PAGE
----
Fennel (Foeniculum vulgare) is a Mediterranean hardy perennial herb which is easy to grow, particularly in relatively dry soil. It has been used since ancient times, being found amongst the burial effects of Pharaohs and being highly prized by ancient Romans. Anglo Saxons revered it as one of the nine sacred herbs and believed it could ward off evil. The Ayurvedic health system sees Fennel as being perfectly balanced in terms of pitta, vata and kapha doshas. There are many different varieties and in many countries such as Greece it grows wild as a very successful “weed”. Fennel makes a very unusual pot plant, if you have the vertical space. It can quickly grow up to 1.5m high with delicate feathery leaves, a bulbous base and large umbeliferous flower heads. All parts of this herb are aromatic, tasting of anise, and can be very useful. The “seeds” are actually fruit. Fennel is often useful during breastfeeding but shouldn’t be used in quantity during pregnancy.
Uses of Fennel
- Obesity – Pliny, herbalist of ancient Rome was very enthusiastic about Fennel’s ability to ease hunger during times of fasting and encouraged his contemporaries to eat Fennel and to drink Fennel tea in order to cure obesity. Apparently chewing Fennel seeds to help weight loss is quite popular in modern day Greece.
- Breast health – Fennel can help to increase milk production in nursing mothers and to soothe painful pre-menstrual breasts, due to its diuretic properties.
- Menopausal symptoms – a useful tea for fluid retention and anxiety. It has been found to have an oestrogen effect. If taken in excess it can cause the return of periods.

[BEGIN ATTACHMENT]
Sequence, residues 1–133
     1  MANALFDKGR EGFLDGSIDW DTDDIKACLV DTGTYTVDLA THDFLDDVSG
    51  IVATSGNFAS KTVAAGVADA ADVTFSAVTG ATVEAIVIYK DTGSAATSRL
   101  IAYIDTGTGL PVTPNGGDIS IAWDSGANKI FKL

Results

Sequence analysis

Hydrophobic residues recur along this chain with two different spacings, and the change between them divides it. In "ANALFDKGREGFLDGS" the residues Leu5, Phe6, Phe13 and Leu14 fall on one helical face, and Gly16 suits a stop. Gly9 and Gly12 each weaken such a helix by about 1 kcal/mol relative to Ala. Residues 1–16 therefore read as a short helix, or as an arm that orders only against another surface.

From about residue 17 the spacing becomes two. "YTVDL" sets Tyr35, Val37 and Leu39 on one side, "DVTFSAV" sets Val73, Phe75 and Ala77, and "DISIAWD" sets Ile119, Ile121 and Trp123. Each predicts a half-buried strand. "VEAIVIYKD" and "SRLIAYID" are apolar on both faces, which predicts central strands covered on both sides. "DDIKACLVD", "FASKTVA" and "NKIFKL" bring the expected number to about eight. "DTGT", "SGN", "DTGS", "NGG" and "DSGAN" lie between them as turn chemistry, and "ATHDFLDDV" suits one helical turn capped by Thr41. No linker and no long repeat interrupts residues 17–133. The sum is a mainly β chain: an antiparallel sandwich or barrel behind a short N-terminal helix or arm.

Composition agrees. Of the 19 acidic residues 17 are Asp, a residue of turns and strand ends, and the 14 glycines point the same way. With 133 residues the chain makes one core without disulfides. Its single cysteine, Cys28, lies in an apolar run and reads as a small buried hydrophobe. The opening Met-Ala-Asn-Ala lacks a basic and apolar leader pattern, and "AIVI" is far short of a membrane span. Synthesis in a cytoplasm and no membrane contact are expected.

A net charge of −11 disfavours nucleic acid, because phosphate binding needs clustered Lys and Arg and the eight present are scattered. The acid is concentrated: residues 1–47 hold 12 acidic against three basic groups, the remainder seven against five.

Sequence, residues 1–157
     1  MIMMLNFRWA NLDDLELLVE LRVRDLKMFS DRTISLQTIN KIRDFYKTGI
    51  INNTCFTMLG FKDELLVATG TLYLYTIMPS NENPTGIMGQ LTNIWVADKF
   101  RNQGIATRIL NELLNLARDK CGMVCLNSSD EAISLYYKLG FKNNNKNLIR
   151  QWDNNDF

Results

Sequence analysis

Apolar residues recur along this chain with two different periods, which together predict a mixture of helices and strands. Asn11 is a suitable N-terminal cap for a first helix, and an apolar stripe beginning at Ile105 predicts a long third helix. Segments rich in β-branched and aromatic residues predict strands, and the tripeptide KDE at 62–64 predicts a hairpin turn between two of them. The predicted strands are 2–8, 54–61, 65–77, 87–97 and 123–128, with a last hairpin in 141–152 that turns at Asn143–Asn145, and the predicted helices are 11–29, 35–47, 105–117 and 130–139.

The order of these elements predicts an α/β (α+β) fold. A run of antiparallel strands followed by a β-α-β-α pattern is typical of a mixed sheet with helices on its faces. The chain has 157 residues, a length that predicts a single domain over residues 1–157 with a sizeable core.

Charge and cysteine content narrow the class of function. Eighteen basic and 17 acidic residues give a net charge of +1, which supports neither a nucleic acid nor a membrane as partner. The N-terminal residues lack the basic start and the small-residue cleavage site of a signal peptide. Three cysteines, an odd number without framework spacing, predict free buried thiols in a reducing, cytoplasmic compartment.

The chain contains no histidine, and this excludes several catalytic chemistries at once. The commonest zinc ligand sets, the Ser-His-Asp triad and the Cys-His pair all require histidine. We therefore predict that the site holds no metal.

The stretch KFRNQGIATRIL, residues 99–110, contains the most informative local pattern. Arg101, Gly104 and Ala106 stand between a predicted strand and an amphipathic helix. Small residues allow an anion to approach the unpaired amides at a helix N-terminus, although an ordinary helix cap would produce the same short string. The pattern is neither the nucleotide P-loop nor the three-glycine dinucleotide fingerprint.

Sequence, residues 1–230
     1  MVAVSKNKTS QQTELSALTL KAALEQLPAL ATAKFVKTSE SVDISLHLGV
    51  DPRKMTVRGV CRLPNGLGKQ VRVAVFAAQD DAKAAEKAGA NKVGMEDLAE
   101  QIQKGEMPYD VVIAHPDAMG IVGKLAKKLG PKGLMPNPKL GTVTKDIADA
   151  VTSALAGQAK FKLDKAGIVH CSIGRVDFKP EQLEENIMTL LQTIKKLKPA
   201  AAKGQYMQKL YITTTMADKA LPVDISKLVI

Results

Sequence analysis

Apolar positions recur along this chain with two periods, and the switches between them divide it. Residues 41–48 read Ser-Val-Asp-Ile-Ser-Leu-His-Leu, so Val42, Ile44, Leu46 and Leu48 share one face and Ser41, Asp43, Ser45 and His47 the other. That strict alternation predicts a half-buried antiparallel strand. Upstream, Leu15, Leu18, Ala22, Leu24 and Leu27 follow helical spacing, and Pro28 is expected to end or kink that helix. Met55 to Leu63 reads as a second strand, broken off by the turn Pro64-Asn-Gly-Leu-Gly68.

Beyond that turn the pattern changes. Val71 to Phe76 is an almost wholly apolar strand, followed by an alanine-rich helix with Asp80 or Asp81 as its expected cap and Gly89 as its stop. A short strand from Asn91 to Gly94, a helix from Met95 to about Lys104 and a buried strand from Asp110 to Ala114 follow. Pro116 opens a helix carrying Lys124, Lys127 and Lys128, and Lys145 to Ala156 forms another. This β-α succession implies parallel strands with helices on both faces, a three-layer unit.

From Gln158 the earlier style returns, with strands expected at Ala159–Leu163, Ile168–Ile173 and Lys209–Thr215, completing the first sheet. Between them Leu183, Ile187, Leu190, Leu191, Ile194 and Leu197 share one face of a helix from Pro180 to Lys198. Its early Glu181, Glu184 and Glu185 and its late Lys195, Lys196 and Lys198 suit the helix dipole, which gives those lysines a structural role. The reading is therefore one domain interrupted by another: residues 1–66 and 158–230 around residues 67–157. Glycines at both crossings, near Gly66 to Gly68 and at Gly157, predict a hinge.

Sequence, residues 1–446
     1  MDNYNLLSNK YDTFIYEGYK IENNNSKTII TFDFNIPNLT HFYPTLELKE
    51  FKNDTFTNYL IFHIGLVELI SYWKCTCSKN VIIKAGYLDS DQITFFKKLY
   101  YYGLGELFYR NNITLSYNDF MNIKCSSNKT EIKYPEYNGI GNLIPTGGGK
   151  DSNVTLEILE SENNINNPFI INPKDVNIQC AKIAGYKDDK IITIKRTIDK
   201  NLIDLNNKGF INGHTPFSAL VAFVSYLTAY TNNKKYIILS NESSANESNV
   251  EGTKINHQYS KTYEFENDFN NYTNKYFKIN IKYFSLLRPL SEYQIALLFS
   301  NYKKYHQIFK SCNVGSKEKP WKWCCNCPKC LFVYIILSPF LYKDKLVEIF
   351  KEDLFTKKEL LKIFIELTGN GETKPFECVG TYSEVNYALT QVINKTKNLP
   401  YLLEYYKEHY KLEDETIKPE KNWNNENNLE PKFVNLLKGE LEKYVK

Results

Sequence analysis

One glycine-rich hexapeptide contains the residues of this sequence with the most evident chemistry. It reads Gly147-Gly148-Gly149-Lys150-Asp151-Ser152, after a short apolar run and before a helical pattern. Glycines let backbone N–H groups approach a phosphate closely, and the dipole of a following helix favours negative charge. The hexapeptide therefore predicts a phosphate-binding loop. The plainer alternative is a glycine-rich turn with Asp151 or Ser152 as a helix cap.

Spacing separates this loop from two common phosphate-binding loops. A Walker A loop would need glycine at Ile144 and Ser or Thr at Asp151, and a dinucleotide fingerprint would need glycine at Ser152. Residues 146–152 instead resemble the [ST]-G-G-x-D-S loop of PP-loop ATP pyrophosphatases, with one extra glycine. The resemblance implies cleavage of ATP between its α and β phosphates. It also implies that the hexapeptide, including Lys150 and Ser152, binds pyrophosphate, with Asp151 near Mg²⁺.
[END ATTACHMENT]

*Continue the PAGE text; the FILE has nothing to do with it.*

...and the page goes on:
- Digestion – Fennel may help when digestive problems are caused by anxiety or some form of tension. It helps relax the system, to gently release trapped gas and to make rich foods easier to digest. Colicy babies are often given a little cooled fennel tea to help with trapped gas, or the mother can pass on it’s helpful properties via her milk. Infants should only be given a couple of teaspoons of cooled tea.
- Cough – Inhalation of honey cured Fennel smoke may help to cure persistent coughs. Crushed Fennel seeds can be gently heated on a hot plate or charcoal incense brickette, the fumes can help to loosen the chest and lungs. It is quite easy to crush them with a pestle and mortar. Alternatively a herbal smoking mix, containing honey cured Sage and Fennel can be burned to release the healing vapours of Fennel. More details to follow.
- Eyes – Some people find that fennel lotion, made from cool water as described below, makes is effective remedy for sore, tired eyes. It may be used to saturate cotton pads to use as a compress or as eye drops or an eye wash. If you try this ensure that the tea is extremely fresh and contains no bits which could irritate the eye. Drinking fennel tea is also thought to strengthen eyesight.
- Breath freshener – Chewing fennel seeds, particularly after a rich meal, is a useful way to aid digestion.
- Joint pain – Massage with Fennel infused oil often helps to ease the pains of arthritis and rheumatism.
- Anxiety or mild depression – Massage with Fennel infused oil or gently inhaling the smoke of burning crushed fennel seeds can lift the spirits and relax tension.
This can be prepared using either chopped dry or fresh leaves or crushed seeds. Use 1/4 to 1/2 teaspoon of crushed seeds per cup of boiling water. Crushing the seeds makes a much more potent tea. This can be done with a pestle and mortar, a manual coffee grinder or by gently bashing the seeds with something such as a rolling pin. Allow to infuse for 15 minutes. If using leaves, infuse 2 – 3 teaspoons in a teapot of boiling water for 5 minutes.
Boil a cup of water and allow to cool before infusing half a teaspoon of crushed seeds for one hour. Strain carefully. Can be used in an eye bath, as drops or to soak cotton pads.
Honey Cured Herbal Smoke Mix
Mix 1 tsp honey with 4 tsp water and add gradually to a 15g dried copped sage and 2 tsp of powdered fennel seeds. Rub the liquid into the herbs until they are all slightly damp. Lay out in a shallow dish and leave for a few days, turning occasionally, until the water has mostly evaporated and the herbs feel dry enough to burn. Store the mix in an airtight container.